I enjoyed reading the August 2015 article by Erin on the Elements of Style blog, who reflected my stance on clothing very accurately:

“Like I said, this is just my opinion, and maybe there are some out there who like the “ugly is cool” trend- but I just want to look nice. I don’t need to make some huge statement when I get dressed, I want my clothes to compliment me as a person, not take over.” – Erin Gates

The takeaway message for the normal hourglass girl is this: stick to looking good, rather than cutting edge fashionable.  Your body is already somewhat complex to flatter, as you have curves on every angle you look at!  But leave the odd, deliberately ugly clothing to the six-foot skinny models (who also look dreadful in aforementioned fashion).  Yes, by all means incorporate pieces of cutting edge style if that’s your thing, in fact, hopefully in this blog I’ll be creating outfits which have a healthy nod to trends whilst keeping the silhouette and foundational garment shapes looking beautiful on a curvy figure.


Why this blog?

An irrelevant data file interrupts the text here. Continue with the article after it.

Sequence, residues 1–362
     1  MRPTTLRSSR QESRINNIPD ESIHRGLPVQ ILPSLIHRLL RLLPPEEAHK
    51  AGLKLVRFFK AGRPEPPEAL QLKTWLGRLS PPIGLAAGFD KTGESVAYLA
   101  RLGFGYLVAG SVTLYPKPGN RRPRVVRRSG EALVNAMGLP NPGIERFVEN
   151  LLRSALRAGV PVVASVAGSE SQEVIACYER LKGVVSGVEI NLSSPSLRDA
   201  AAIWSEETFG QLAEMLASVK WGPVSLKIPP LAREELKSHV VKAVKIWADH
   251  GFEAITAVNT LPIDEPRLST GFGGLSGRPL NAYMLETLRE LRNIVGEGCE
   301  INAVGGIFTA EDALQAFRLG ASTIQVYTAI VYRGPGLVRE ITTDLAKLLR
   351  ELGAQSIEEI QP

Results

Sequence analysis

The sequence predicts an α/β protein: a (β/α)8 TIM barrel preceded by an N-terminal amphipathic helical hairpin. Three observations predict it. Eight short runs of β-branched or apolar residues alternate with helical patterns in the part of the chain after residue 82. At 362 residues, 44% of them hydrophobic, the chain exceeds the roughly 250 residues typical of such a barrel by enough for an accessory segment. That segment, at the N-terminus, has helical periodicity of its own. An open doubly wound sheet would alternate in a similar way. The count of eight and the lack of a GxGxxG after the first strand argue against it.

“Has anyone had any success on working out a classic but edgy and fashionably youthful style that is relaxed and looks fabulous with curvy, hourglass figures?”

The quote above is from a lady on a style forum, and as soon as I read it, I empathized completely.

If you’re like me, you got a curvy, feminine frame; you probably look good in a bikini, and in smart tailored clothes; and you probably look better dressed up than dressed down.

But therein lies the problem – ‘you look better dressed up than down’…You just look a bit ‘blah’ when you dress down.

We hourglasses often love what we can’t have.  We’ve all got that mate who looks fantastic, slim and awesome when in jeans and a tee-shirt with her hair scraped back in a bun.  She effortlessly manages that lithe, thin-thigh look, that casual skinny-jeans-with-loose-top, and whether she’s nipped out to the corner shop for milk, or picking the kids up from school, or walking up a mountain – she still looks great.